But there is a lack of information on how to prepare for retirement, and some regret retiring in their 50s and find it difficult to reenter the job market, noted Ms Shelly Wu, human resource consulting services firm 104 Job Bank’s middle-aged and senior employment division head.
High inflation in recent years has also shrunk consumers’ wallets and retirement adequacy of some Taiwanese.
“People will live longer with advances in technology, so the government should remind middle-aged and elderly people not to retire too early,” said Ms Wu.
With Taiwan facing a labour shortage, companies need more workers – but they must also adapt to the needs of older workers.
According to 104 Job Bank’s research, 48 per cent of middle-aged and older people hope the government can help companies make jobs more suitable for them.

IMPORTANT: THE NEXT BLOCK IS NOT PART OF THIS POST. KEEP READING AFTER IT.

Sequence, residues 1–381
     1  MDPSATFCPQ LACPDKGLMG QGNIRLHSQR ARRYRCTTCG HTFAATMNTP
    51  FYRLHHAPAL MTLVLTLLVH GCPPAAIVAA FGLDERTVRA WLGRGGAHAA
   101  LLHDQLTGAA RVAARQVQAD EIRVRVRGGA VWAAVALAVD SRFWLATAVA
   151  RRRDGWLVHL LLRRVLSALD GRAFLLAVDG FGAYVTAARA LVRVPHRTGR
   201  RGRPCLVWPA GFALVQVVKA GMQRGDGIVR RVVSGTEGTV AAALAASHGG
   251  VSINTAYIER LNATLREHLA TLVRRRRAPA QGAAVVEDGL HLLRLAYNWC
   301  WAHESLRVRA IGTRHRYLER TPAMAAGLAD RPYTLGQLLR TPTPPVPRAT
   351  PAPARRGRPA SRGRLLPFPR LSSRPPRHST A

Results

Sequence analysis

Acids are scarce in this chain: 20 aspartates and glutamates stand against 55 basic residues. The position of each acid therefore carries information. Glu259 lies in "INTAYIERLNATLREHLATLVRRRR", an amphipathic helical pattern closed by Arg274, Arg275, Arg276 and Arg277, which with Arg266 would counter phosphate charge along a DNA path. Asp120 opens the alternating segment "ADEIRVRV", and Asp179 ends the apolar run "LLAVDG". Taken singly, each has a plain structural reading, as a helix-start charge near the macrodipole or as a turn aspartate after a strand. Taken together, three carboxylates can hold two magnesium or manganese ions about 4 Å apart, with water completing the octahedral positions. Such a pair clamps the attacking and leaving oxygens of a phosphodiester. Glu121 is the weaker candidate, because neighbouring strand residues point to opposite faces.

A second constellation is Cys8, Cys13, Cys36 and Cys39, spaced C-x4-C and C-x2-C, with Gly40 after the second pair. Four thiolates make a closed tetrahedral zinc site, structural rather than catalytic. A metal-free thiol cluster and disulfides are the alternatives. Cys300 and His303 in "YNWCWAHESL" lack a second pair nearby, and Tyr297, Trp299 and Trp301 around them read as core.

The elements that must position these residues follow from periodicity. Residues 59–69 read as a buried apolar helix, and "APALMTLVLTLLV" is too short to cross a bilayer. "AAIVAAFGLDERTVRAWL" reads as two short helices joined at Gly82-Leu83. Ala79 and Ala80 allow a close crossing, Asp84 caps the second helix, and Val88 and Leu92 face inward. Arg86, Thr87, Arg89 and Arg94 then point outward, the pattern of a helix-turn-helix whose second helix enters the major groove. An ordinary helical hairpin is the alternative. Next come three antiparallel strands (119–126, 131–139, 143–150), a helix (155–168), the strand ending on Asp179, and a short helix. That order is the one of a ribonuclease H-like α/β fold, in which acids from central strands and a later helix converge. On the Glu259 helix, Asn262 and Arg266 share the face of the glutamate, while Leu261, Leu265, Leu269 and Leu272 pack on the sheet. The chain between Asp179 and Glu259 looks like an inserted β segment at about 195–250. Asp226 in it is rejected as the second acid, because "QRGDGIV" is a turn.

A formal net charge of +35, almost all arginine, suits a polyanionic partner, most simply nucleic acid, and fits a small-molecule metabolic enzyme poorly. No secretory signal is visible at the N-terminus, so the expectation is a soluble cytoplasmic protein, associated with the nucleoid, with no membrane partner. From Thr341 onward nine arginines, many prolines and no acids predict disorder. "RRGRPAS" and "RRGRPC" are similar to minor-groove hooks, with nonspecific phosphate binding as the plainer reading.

This should include flexible schedules, tailored training and ensuring workplaces are safe and conducive, Ms Wu said.
In a hospitality setting, this could mean using lighter crockery and chairs that can be moved around more easily, for instance.
Seniors who have continued to work told CNA they enjoy being socially engaged. Security officer Mr Gao told CNA he works 12 hours per shift, but rests on alternate days.
Betel nut and auto repair shop owner Gu Chun-guang, 71, said he hopes to continue for a few more years, because “if I retire and am confined (at home), there’s nothing to do”.
Being in the shop, where friends drop by for a chat or to sing karaoke, “makes time easy to pass”, he said.
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